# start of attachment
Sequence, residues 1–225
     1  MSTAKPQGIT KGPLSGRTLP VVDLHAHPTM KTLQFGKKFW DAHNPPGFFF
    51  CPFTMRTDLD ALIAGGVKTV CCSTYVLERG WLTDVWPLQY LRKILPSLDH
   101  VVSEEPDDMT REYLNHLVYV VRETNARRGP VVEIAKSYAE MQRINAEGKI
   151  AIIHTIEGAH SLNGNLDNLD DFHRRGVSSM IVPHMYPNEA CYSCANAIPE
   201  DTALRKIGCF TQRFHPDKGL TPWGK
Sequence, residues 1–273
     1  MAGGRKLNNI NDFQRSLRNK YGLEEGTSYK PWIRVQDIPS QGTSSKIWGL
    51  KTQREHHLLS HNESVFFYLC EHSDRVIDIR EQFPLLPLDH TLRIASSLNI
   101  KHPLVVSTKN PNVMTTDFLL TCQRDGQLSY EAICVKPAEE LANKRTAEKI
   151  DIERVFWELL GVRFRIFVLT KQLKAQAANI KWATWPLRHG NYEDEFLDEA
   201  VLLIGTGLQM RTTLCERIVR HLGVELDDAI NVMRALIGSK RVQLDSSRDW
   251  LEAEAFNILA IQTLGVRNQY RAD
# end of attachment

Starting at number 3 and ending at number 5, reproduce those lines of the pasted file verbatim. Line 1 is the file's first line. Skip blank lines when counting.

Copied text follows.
    51  CPFTMRTDLD ALIAGGVKTV CCSTYVLERG WLTDVWPLQY LRKILPSLDH
   101  VVSEEPDDMT REYLNHLVYV VRETNARRGP VVEIAKSYAE MQRINAEGKI
   151  AIIHTIEGAH SLNGNLDNLD DFHRRGVSSM IVPHMYPNEA CYSCANAIPE